Let out the water and the package you have to pull behind your car becomes 1500 pounds lighter. Run the water out of the boat and you boost the power-to-weight ratio enough to sustain twenty knots with a 50-horse outboard in a boat that sleeps six.
Water ballast can be installed when you need it, and it's free. By adding to her displacement, the MacGregor adds significantly (between 40 and 50 percent) to her stability.
But Can It Sail?
We talked it over and reefed the main before setting sail. Having 50 horses, as opposed to the normal sailboat's pitiful auxiliary, made keeping her into the wind less than the normal hassle. The puffs still had plenty of weight to them. We sailed main-alone for a bit. She stood up well despite my efforts to dip the rail by driving her off against a tight-trimmed sail.
I could see worry lines around Art's eyes because this was the kind of weather where you break things. He gave thumbs-up on the jib, though, and with the roll of a drum we doubled our sail area.
I was still experimenting with stability. I moved to leeward, opposite Art. We're about the same size, balanced weights. Then I tried to bury the rail under reefed main and half-rolled jib. I couldn't. The air was a touch lighter; I couldn't summon anything much over 15 knots, but the boat stood much straighter than I'd expected.
You can free the motor from the MacGregor's twin rudders for sailing, but we elected just to shut down and tilt the outboard out of the water. Even with that amount of resistance in the steering system, I found her responsive to the helm as we rounded onto the wind and headed for smoother water under the lee of the UMass Boston campus.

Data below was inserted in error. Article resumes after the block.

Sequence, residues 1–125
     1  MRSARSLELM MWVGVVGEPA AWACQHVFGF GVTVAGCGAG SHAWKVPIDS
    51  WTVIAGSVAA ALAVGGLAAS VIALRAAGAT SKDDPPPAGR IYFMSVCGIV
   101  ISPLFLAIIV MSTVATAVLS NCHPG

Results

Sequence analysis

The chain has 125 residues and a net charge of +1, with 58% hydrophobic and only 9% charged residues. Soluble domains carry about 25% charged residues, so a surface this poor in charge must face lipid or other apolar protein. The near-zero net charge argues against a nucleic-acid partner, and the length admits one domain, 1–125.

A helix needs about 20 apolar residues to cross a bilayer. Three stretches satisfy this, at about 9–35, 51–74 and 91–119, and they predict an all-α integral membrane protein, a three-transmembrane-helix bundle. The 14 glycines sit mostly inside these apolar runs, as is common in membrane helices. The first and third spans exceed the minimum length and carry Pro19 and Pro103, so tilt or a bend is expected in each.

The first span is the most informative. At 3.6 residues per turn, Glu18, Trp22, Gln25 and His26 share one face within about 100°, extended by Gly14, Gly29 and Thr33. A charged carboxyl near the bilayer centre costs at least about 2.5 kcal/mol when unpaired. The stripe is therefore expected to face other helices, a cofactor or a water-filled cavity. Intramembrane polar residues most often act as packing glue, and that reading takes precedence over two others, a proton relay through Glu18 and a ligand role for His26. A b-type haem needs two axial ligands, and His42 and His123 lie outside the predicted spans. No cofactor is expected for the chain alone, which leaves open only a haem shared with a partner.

Jamming the boat tight onto the wind didn't work well. She had neither the reserve power nor the weight to maintain momentum through the mid-sized chop at a tight angle to the breeze. Cracking her off an added ten to fifteen degrees was the answer. When I sailed further off the wind she picked up speed and life and seemed to make less leeway. My prescription for getting the most to windward out of her is "foot" off and go fast over a slightly longer distance rather than pinch her close to the eye of the wind.
She had a slight desire to round into the wind, a slight "weather-helm" of the kind that most helmsmen prefer in a boat sailing upwind.
The more she heeled the more she tugged to weather. That's typical, too, and the helm never became excessive.
She presented no problems carrying her way when we tacked, maintaining good momentum and turning through the eye of the wind. Sometimes light boats get stopped by wind and waves before they can complete a tack, but not the 26X. The jib (standard-sized and smaller than the optional genoa) proved a handful to trim in this breeze, though. Every sailboat could use bigger winches!